Thus, gaming isn’t the only thing that makes me optimistic about TCEHY stock. The company has diversified into many promising businesses, and I am confident it will continue to be successful in the next five years. GuruFocus believes $90 would be a fair price by 2026. Leo Sun from The Motley Fool believes Tencent’s revenue will surpass $1 trillion in the next five years. If that happens, the stock price would double, given the current price-to-sales ratio.

Upstart (UPST), PayPal (PYPL), Block (SQ)

Source: shutterstock.com/ZinetroN

The big payment platforms like PayPal (NASDAQ:PYPL) and Block (NYSE:SQ), along with AI-based lending platform Upstart (NASDAQ:UPST), also have very compelling entry points right now. Both PayPal and Block are substantially down from their pre-pandemic prices despite increasing their global foothold. I believe a strong rally ahead is certain.

I do not see either PYPL or SQ down at this range, and I strongly recommend that investors snap up the stocks and remain patient. The one-year average analyst price target for PYPL will provide 63% upside and 46% for SQ.

In five years, I share my view with GuruFocus that a fair price would be $300 or more for both PYPL and SQ if the growth trajectory here remains consistent.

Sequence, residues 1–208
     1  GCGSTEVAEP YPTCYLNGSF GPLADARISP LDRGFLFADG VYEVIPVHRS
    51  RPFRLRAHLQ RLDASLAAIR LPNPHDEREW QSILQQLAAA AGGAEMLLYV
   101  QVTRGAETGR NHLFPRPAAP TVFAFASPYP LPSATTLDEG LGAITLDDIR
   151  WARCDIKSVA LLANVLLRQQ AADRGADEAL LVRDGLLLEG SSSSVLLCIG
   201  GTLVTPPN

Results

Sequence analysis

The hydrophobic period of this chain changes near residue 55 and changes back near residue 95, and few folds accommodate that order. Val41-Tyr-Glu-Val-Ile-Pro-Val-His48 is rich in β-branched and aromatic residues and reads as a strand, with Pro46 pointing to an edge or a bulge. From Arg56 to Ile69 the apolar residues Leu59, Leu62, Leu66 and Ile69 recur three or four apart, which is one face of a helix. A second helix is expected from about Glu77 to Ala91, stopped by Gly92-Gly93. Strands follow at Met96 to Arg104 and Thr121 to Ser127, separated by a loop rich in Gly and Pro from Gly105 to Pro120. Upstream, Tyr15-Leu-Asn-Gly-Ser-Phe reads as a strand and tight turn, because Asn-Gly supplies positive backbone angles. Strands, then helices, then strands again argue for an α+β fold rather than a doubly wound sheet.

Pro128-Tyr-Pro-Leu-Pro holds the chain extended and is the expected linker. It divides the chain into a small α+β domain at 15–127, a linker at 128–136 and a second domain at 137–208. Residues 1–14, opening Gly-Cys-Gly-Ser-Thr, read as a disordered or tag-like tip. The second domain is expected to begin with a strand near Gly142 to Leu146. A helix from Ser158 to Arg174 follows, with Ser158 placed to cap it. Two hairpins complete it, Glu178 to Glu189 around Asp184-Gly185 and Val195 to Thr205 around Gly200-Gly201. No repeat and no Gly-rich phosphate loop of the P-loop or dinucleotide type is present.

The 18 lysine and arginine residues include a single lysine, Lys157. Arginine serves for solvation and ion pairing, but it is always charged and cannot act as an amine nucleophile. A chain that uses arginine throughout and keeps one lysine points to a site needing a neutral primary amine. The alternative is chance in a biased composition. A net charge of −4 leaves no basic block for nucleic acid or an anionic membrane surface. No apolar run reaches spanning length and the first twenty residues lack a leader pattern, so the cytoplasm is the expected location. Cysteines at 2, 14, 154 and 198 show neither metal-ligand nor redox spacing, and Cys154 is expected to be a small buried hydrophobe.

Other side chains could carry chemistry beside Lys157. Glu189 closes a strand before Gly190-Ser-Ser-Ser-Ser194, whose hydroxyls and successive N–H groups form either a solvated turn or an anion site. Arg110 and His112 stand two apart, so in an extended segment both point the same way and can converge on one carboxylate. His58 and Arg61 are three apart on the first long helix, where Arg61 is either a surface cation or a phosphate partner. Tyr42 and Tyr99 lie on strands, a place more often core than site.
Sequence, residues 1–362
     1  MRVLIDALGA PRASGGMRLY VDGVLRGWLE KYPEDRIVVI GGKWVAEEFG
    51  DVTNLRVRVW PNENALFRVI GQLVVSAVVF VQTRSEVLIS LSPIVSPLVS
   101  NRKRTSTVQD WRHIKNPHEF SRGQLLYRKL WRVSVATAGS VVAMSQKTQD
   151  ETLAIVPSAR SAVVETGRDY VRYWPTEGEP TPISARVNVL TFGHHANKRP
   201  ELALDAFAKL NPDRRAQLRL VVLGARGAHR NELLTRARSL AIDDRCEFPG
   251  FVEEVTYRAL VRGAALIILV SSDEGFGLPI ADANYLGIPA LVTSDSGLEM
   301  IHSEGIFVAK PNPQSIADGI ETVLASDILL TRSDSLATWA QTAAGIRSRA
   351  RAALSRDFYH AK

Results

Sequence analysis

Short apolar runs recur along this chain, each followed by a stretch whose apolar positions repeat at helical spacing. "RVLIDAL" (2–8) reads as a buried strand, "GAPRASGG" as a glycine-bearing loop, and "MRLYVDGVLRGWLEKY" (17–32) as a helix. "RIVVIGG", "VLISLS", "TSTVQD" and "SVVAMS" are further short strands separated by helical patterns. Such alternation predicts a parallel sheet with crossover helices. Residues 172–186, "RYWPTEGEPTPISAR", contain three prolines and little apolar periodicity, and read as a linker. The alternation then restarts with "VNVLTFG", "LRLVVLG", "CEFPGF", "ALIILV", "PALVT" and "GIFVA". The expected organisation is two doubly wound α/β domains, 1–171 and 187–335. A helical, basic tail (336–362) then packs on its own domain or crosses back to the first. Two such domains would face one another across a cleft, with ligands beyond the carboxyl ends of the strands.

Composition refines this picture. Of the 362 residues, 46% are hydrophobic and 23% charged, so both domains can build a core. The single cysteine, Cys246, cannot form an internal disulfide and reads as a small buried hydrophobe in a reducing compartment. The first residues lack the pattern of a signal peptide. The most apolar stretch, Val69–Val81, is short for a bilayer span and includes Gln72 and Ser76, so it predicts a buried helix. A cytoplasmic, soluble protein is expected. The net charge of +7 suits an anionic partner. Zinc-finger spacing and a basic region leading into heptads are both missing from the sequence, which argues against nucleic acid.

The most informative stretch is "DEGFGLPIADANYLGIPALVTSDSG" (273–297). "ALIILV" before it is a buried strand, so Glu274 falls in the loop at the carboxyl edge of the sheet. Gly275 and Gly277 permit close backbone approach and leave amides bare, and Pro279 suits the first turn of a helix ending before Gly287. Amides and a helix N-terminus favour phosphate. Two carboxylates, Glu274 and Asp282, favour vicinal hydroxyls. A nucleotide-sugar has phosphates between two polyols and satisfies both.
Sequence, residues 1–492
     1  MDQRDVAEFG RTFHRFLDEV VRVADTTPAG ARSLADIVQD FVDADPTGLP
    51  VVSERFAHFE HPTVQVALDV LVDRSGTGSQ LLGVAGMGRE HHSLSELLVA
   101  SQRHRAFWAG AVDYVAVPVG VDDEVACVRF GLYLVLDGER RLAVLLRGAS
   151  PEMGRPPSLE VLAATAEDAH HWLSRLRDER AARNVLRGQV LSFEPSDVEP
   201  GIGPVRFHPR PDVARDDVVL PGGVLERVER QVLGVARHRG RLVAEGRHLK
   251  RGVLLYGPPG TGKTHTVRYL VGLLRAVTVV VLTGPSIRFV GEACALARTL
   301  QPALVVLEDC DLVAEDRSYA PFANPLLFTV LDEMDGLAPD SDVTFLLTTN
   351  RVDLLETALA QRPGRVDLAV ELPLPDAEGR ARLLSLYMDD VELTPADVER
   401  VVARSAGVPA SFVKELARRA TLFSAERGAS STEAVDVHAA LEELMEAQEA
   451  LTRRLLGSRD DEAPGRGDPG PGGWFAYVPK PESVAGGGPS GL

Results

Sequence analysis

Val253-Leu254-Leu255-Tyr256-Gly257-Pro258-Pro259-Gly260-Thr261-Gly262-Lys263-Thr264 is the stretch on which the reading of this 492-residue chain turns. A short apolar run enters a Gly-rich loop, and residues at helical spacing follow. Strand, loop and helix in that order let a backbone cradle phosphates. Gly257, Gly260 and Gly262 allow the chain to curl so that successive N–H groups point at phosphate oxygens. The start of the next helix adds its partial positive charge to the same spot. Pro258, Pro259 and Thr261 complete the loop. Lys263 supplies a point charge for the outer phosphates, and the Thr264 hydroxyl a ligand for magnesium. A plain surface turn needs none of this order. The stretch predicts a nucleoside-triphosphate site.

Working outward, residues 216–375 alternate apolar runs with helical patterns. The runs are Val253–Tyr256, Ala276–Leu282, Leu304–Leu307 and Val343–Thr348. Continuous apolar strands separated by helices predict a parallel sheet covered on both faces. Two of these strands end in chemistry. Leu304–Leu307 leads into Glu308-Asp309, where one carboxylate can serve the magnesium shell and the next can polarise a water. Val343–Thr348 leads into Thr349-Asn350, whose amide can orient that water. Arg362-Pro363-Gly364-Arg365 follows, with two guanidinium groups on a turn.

As for Upstart, I see that as very undervalued too. The platform and the business model are solid and have outperformed traditional methods for calculating credit risk. However, banks are not in a position right now to experiment with AI and new technology while the sector risks a slump. But once the economy improves and banks feel comfortable lending through Upstart again, I expect UPST to surge.

Roku (ROKU)

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Roku (NASDAQ:ROKU) is a leading platform for streaming entertainment in the U.S. and abroad. The company offers a range of devices and software that allow users to access thousands of streaming channels — The Roku Channel features live and on-demand content from hundreds of partners.

Roku has a strong competitive advantage in the streaming industry, as it benefits from both the growth of streaming services and the cord-cutting trend. Roku’s platform is also agnostic to the content providers, meaning it can offer users the most comprehensive and diverse selection of streaming options.